# Difference Between Evaporation and Condensation

## What is the definition of evaporation?

Fill a beaker halfway with water. Place this beaker over the flame and continue to heat it. After a while, you'll see that the water starts to boil and turns into vapour. This is referred to as vaporisation. Have you ever noticed that if a glass of water spills on the floor and no one dries it up, will it dry after a while? Wet clothes dry after a while. Do you know how this happens? Because particles of matter are never at rest. They are always moving. They have various amounts of kinetic energy at different temperatures.

A small fraction of particles at the surface of a liquid, with higher kinetic energy, can break away from the forces of attraction of other particles and become vapours. Evaporation is the transformation of a liquid into vapour at any temperature below its boiling point.

## Evaporation-Related Factors

The rate of evaporation is affected by the following factors:

1. Surface area: Evaporation is a surface phenomena, thus it takes up a lot of space. The rate of evaporation increases as          the surface area increases. We spread our things out to dry them faster, for example.
2. Temperature - As the temperature rises, so does the rate of evaporation. As the temperature rises, a greater number of          particles gain sufficient kinetic energy to enter the vapour state. Wet garments, for example, dry quickly in the sun.
3. Humidity - Refers to the amount of water vapour in the air. At any given temperature, air can only hold a certain amount     of water vapour. The rate of evaporation slows down when the amount of water in the air is already high or at its                   maximum.
4. Wind Speed - As wind speed increases, water vapour particles travel away from the wind, reducing the amount of water      vapour in the environment. As a result, as the wind speed increases, so does the rate of evaporation. On a windy day, for      example, clothes dry faster.

## So, what exactly is condensation?

Fill a beaker with water once more. Place this beaker over the flame and continue to heat it. After a while, you'll see that the water starts to boil and turns into vapour. Cover the beaker with a lid and turn off the heat. When you remove the lid after a minute, you will notice water droplets on one side of the lid. This is due to the fact that water vapour condenses and reverts to a liquid state. Condensation is the transition of a substance's physical state from gas to liquid. This is the vaporization process in reverse.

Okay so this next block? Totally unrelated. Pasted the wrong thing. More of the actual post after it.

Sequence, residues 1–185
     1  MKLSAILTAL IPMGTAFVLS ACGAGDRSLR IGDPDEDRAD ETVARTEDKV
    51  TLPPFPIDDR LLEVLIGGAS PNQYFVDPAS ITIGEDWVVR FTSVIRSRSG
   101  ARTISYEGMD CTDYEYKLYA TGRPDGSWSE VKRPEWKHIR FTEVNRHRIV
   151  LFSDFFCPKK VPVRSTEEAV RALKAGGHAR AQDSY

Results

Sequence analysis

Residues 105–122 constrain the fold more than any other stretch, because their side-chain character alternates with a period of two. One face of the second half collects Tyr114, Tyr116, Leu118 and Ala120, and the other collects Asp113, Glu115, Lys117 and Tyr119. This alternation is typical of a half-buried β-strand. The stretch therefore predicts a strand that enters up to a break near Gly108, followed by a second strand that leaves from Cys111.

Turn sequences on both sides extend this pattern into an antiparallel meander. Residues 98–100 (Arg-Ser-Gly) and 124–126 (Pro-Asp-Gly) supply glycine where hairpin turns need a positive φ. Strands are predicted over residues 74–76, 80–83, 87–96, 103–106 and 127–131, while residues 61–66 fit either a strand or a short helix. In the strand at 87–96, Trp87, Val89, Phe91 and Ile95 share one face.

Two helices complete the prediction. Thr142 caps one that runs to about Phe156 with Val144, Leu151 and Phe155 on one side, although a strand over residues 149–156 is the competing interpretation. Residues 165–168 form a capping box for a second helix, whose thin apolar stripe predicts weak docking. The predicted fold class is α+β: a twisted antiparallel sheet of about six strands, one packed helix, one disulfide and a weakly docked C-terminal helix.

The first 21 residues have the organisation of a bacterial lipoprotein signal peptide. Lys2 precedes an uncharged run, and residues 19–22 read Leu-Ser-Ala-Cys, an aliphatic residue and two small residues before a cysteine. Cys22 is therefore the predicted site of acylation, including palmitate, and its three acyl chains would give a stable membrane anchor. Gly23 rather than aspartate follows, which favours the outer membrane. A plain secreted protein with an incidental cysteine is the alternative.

When you take a chilled soft drink bottle out of the fridge and set it aside after drinking, you'll notice little drops of liquid on the bottle's surface after some time. This is an example of condensation as well. It happens when warm air vapour collides with a cool surface and cools down to change its condition.

## The Purpose of the Condensation Process

Water, like all other substances, is made up of atoms. Because these atoms are energetic, they move quickly. When these particles are in the form of vapour, they are far apart. As a result, when this vapour is exposed to cooler temperatures, the particles become less energetic and closer together. As a result, when vapour reaches a certain energy level, it transforms into liquid.

## Difference between evaporation and condensation

Evaporation Condensation
Evaporation is the transformation of a liquid into vapour at any temperature below its boiling point. Condensation is the transition of a substance's physical state from gas to liquid.
The state of matter shifts from liquid to vapour during this process (gas). The state of matter shifts from gas to liquid during this phase.
The forces of attraction between particles get weaker during this process, which is why liquid turns into vapour. The forces of attraction between particles become quite strong throughout this phase, which is why gas turns into liquid.
It takes place at a low elevation. It takes place at a low elevation.
It takes place at a low elevation. It's an exothermic reaction.
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